To me,the incentive is not going to that miserable place anymore.Supervisors have made carriers lives miserable for years.All they care about is their”numbers”,not the actual people that do the job.

  • David

    Actually, M. Jameson hits the nail on the head again….Brian, if you care to research, there have been two VER’s over the past 4 years offered at the carrier/craft level, none offering incentives, and none well-received. Carriers running at a 10% overtime nationwide average sounds like mish-mash considering the gobbledy-gook game the managers play, but combining the volume vomit bestowed upon carriers (and, by the way, customers) in the retch known as FSS, the mind-numbing, hand-numbing, feet and leg-numbing labor intensive work methods involved in street delivery (misdelivery?) compound with the natural inclination of the pencil pushers to over-adjust routes to capture “projected” savings. Additionally, to paraphrase you in your response to M. Jameson, the point you are missing is that come contract time, the likelihood of a two-tiered system for the NALC akin to that recently ratified by the APWU is considerable, and although it may be penny-wise for the USPS to “exhaust all of the free options it has,” it cannot be more pound foolish of an organization not to somehow encourage those top earners to retire even one day early. Ah, yes, M. Jameson has it correct, again. “What is wrong with these people?”

  • brian

    David- 10% overtime is reality- that’s according to payroll records, not whatever mish mash you’re talking about- try dealing with facts.

    Your comment about a two tiered system for carriers makes no sense- why would USPS get rid of carriers now that it obviously still needs, and would have to replace with new hires or still more OT, when it can wait until a two tiered system comes along?

    I realize that I’m not going to convince someone who thinks he’s entitled to a bonus for quitting his job that it doesn’t make sense for the USPS- but those are the facts.

  • David

    Brian- And who would be the one you suggest would feel as though he is entitled to a bonus for quitting? Or, really, do “facts” matter to you? Again, the numbers you quote are nothing more than the rigamarole imputed into a flawed system by a legion of not-impartial participants. There are a number of reasons managers can (though, I am sure, they do not) inflate/deflate volume records across the spectrum of distribution and delivery functions, and accordingly, the requisite number of workhours needed to perform said functions are not now and will not soon be illustrative of the accurate total. Lastly, I am not suggesting USPS get “rid” of carriers; I am agreeing with M. Jameson that a worthy VER proposal that craft would want to parcipitate in far outweighs the obvious flim-flam of a political gesture that a hollow VER would contribute.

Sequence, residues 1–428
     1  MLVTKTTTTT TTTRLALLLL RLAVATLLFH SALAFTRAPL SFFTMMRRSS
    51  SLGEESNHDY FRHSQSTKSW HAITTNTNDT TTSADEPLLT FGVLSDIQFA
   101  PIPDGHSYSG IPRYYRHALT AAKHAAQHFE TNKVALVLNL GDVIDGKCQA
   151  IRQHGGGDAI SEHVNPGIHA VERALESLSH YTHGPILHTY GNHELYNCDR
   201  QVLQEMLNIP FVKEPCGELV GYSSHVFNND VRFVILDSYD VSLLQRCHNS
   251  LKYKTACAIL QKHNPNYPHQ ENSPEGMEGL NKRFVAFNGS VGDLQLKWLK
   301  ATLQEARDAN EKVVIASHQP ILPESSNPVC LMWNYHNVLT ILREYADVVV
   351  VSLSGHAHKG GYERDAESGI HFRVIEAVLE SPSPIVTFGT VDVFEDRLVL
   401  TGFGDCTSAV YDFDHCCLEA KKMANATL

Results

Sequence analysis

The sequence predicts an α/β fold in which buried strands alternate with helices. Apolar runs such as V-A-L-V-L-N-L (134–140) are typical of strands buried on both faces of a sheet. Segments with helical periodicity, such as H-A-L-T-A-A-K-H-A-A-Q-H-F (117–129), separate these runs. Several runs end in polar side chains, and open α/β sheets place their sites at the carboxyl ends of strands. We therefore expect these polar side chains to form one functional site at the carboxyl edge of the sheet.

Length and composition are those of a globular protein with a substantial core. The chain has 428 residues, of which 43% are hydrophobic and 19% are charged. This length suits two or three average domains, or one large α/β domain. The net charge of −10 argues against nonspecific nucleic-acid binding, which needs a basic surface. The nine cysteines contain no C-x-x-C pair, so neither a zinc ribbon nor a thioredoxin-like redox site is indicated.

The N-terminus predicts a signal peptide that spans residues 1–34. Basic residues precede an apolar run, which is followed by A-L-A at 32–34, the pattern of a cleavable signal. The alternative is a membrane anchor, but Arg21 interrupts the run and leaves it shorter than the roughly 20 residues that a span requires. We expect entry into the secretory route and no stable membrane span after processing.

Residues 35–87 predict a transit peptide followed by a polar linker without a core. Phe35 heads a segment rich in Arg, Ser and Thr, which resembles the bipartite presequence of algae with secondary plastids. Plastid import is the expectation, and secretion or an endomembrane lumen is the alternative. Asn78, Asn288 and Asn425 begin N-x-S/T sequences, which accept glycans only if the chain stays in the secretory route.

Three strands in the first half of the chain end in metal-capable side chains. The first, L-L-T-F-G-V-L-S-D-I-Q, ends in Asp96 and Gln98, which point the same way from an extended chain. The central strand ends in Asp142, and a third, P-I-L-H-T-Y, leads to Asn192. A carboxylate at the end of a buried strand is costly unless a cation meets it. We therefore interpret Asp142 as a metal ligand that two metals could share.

• brian

    David- obviously facts matter to me- that’s why I use them. Apparently they don ‘t matter to you? As I said in my earlier message, 10% overtime is a fact, not an opinion. We’re not talking about supervisors and clipboards- we’re talking about payroll records. Your suggestion that the USPS creates phony payroll records is ludicrous, given that that would require the connivance of the unions, PRC, Congress (both parties), mailers, UPS, FedEx- basically anyone with an interest in the USPS- payroll is an integral part of the rate setting process, and if there is any question about the validity of those numbers, One or more of those parties would be screaming about it. So far, no one except you has even mentioned the possibility. And maybe you could tell us why exactly the USPS would inflate city carrier overtime numbers? Oh, and where is all that money going if it isn’t in city carrier’s paychecks? Are there thousands of fake employees? Or are carriers getting lots of overtime pay without actually working it? Don’t you feel a little stupid claiming to be the only person in the entire world who thinks there’s a vast conspiracy to fake payroll numbers and send millions of dollars who knows where? (One more thing- supervisors and clipboards also have nothing to do with volume reporting. The only official USPS volume numbers come from the ODIS/RPW system, which uses actual permit documents and random sampling by bargaining unit (not management) employees. You obviously have very little knowledge about how the USPS actually operates).

  • Damian Sotto


  • David

    Brian…If the facts really do matter to you, you might respond to argument with pertinent points. I did not, if you care to re-read, contend that payroll records were phony. (You spend the majority of your diatribe on this thrust; possibly your agenda hijacks your ability to coalesce information with response, I don’t know.) I did not, if you care to re-read again, suggest that overtime records were inflated. (See above comments in parathenses.) Lastly, managers and clipboards have very much to do with volume reporting on the workroom floor; every morning DOIS numbers are posted on each route to suggest carrier productivity for the day, and these numbers are derived from, yes, a manager and a clipboard.

  • brian

    David- here’s what you wrote:

    Carriers running at a 10% overtime nationwide average sounds like mish-mash considering the gobbledy-gook game the managers play, but combining the volume vomit bestowed upon carriers (and, by the way, customers) in the retch known as FSS, the mind-numbing, hand-numbing, feet and leg-numbing labor intensive work methods involved in street delivery (misdelivery?) compound with the natural inclination of the pencil pushers to over-adjust routes to capture “projected” savings.

    Forgive me if I misunderstood- I assumed that when you said 10% OT was “mish-mash considering the gobbledy-gook game the managers play”, you were implying that the overtime rate was incorrect, which would mean that payroll records would have to have been falsified. Now you say that’s not what you meant, which is fine, but maybe you could translate that paragraph into English for the rest of us, so we could try to figure out what you DID mean to say!

    The official volumes reported by the USPS are not the result of supervisors with clipboards, as I’ve explained. DOIS numbers are not the official volume numbers used in calculating rates, allocating costs, or planning budgets- only ODIS-RPW numbers are used for those purposes.